All in all, it was ended up another fruitless year for Chicago. When the playoffs rolled around in March, they were on the outside looking in for the third consecutive season. When Tribune reporter Charles Bartlett buttonholed coach Charlie Conacher before he departed for Toronto, he asked him how he felt about his players.
“I’m not satisfied with any of them,” he answered. “It never pays to be satisfied with any team in sports. Creates a weak attitude. What I am pleased with, however, is the morale of the Hawks. I think their fifth place finish, and the fact that they won only won game less than Toronto will mean a lot when we start training at North Bay in September.”
He thought the team had played pretty well through December. But then Doug Bentley got sick and Stewart concussed, and Bill Mosienko and Metro Prystai had played that stretch of games with their wonky shoulders …
Conacher was headed home to his summer job — his oil business, Bartlett reported. A couple of Hawks were staying in Chicago for the duration, Ralph Nattrass to work in real estate and Jim Conacher at an auto agency. The rundown on their teammates as went their separate ways looked like this:
Goalie Jim Henry will join with his Ranger rival, Chuck Rayner, in operating their summer camp in Kenora, Ont. Red Hamill will go a talent scouting tour of northern Ontario. Doug Bentley and brother Max of the Leafs will play baseball and run their ice locker plant in De Lisle, Sask. Mosienko will return to Winnipeg, where he owns a bowling center with Joe Cooper, former Hawk defenseman.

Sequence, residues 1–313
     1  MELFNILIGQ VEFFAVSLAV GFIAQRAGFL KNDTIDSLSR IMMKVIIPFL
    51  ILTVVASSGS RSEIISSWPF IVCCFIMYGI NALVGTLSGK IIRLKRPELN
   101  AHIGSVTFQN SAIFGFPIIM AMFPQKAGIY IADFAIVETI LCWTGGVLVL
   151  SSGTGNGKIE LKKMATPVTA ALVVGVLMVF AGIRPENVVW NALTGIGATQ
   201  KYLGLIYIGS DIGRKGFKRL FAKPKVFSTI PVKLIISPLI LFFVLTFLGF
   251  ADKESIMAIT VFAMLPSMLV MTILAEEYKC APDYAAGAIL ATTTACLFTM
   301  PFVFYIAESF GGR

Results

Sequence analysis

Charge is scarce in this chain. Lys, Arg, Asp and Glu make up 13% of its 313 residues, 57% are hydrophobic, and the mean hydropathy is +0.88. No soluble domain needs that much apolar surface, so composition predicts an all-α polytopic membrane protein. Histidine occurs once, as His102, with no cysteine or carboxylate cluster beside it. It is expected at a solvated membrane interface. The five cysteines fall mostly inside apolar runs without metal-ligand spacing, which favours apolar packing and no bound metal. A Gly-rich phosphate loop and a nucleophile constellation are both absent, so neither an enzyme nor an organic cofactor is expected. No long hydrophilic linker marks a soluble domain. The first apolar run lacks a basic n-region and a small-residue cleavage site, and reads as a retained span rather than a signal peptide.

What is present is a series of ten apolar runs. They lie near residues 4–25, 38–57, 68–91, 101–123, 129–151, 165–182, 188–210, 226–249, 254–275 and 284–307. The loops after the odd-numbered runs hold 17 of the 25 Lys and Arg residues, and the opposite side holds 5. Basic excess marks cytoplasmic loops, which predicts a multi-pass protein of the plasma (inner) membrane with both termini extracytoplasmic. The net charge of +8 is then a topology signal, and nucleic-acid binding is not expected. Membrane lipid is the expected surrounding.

Roy Conacher, who received a substantial bonus from the Hawks for winning the league’s scoring title, is headed for Midland, Ont., where he plans to open a sporting goods store. Gaye Stewart will run a soft drink agency in Port Arthur, Ont. A fish business will occupy Ernie Dickens in Bowmanville. Doug McCaig is enrolled in a Detroit accounting school. Adam Brown will assist his dad in their Hamilton filling station.
Doug Bentley had a bad groin. That’s not to judge, it’s just what we know. What it meant in January of 1950 was that when the last-place Chicago Black Hawks went on a road trip, Bentley stayed home. He was third in NHL scoring at that point, right behind Detroit’s Sid Abel. Ahead of him was the eventual scoring champion, Ted Lindsay. On the road, Chicago played two games in Toronto, a tie and a loss, before moving on to New York, where they tied the Rangers. That was the game where Chicago left winger Adam Brown got himself into some trouble in the second period, earning a 10-minute misconduct to go with a minor penalty. Bentley was bedded down at Chicago’s St. Anthony’s Hospital when the team got home, which is when Brown, above on the left, went in for a visit. Father Pat McPolin is on the right, in the fancy dressing gown. The telegram they’re so happy to be reading is the one the NHL sent Brown to let him know he was being fined $250 for his New York misconduct. Father McPolin was a chaplain for the Chicago Police Department. He was in for a routine check-up.